The Small Press Reviews Holiday Gift Guide

Once again, the holidays are upon us, and if you’re anything like me, you’re probably faced with the conundrum of knowing loads of avid readers but not knowing what to give them because, to put it bluntly, they’ve already read everything. But fear not! Small and independent presses have plenty of great books to offer, and chances are good that the readers in your life haven’t yet stumbled upon these undiscovered gems. What follows is a list of my favorite small presses, broken down by their specialties and genres. Peruse their catalogs… You’re bound to find something for everyone on your holiday gift list!

Novels: Followers of this blog know that I’ve reviewed and loved many titles from The Permanent Press — and with good reason. From mainstream to mystery, they have it all. Specifically, books like The Chester Chronicles and Elysiana offer compelling and nostalgic takes on the 1960s, and To Account for Murder is a noirish page-turner set in the 1940s. Though not a novel, Doris Buffett’s memoir, Giving it All Away, offers much insight into what drives Warren Buffett’s sister to, as the title suggests, give so much of her fortune away to those in need.

Short Stories: Featherproof Books just showed up on my radar, and I’m blown away by the care they put not only into selecting the titles they publish, but also in designing their books. Christian TeBordo’s The Awful Possibilities is a heck of a mind-bender, and Patrick Somerville’s The Universe in Miniature in Miniature has to be seen to be believed.

Poetry: For the poetry lover on your list, you can’t go wrong with Write Bloody Books. Write Bloody specializes in poetry collections from touring poets — so, to paraphrase the theme from The Monkees, you better get ready (if you turn your friends on to any of WB’s poets), they may be coming to your town! I recommend Jeanann Verlee’s Racing Hummingbirds and Robbie Q. Telfer’s Spiking the Sucker Punch.

Graphic Novels: Another recent discovery of mine, Conundrum Press is nothing short of awesome. Line Gamache’s Poof! offers a madcap rumination on the relationship between the artist and her muse, and fans of CBC Radio’s Wiretap (with Jonathan Goldstein) will revel in Howie Action Comics by souvlaki aficionado and longtime Wiretap regular Howard Chackowicz. Speaking from experience, I can say that there’s nothing cooler to a comic book geek than “discovering” a new artist, so definitely give Conundrum a look if you have representatives from this species on your list.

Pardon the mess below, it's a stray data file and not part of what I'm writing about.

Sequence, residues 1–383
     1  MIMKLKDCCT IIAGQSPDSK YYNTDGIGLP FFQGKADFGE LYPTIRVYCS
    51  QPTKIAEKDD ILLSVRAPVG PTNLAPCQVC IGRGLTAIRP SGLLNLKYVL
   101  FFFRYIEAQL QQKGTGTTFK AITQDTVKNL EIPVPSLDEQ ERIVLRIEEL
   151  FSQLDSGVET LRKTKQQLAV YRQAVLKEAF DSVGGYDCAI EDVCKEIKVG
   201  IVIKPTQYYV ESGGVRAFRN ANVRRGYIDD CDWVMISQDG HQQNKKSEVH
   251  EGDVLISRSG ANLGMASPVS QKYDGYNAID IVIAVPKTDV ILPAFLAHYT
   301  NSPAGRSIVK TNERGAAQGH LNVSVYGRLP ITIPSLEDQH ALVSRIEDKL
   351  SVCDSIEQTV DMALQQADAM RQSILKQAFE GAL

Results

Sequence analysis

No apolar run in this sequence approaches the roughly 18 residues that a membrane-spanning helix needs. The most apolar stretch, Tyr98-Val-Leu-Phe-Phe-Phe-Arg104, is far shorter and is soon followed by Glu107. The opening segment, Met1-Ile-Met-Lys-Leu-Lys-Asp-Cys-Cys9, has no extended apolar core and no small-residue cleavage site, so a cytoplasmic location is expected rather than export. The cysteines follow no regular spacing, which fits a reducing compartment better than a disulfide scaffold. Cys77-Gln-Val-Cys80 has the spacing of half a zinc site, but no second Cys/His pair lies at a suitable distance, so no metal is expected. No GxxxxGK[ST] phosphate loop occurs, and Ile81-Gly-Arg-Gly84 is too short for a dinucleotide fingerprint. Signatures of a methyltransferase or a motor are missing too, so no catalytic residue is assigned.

Of course, this list of presses is far from comprehensive, but who knows? If you give a couple of these independent publishers a chance, you might end up a fan for life — and the readers in your life will marvel at your good taste!


Straining to Parallel Park in an Empty Field

It comes as no surprise when, a few tracks into Jessica Kane‘s newly released audio book, Straining to Parallel Park in an Empty Field, the author/narrator mentions that she’d been listening to NPR when she spotted a fly dancing on her window ledge — for the  musings, casual epiphanies, and slice-of-life vignettes that Kane includes on this four-CD set are steeped in the tones and cadences of such public radio fare as This American Life, WireTap, and A Prairie Home Companion. Indeed, Kane, whose voice falls somewhere on the spectrum between those of author Sarah Vowell and comedienne Kristen Schaal, would be right at home on any of the aforementioned programs. Her material ranges from the mundane (shopping at thrift shops) to the cosmic (the relationship between forgotten pieces of furniture and the meaning of life), and throughout the proceedings, her observational humor sheds quirky light on the peculiar vanity of the human animal: our toes speak volumes with respect to our ancestral origins, Kane opines on one track, while our fascination with cars and rear view mirrors reflects the insular, hyper-self-conscious mindset of the species as we move into the twenty-first century. As a result, the majority of Kane’s pieces all but insist, we are forever doomed (in a fun way, of course) to obsess over the minutia of our lives — like whether or not anonymous truck drivers find us attractive, our fellow motorists recognize our passing skills, or, as the title of the collection suggests, we’ll ever master the Zen art of parallel parking — in empty fields or otherwise.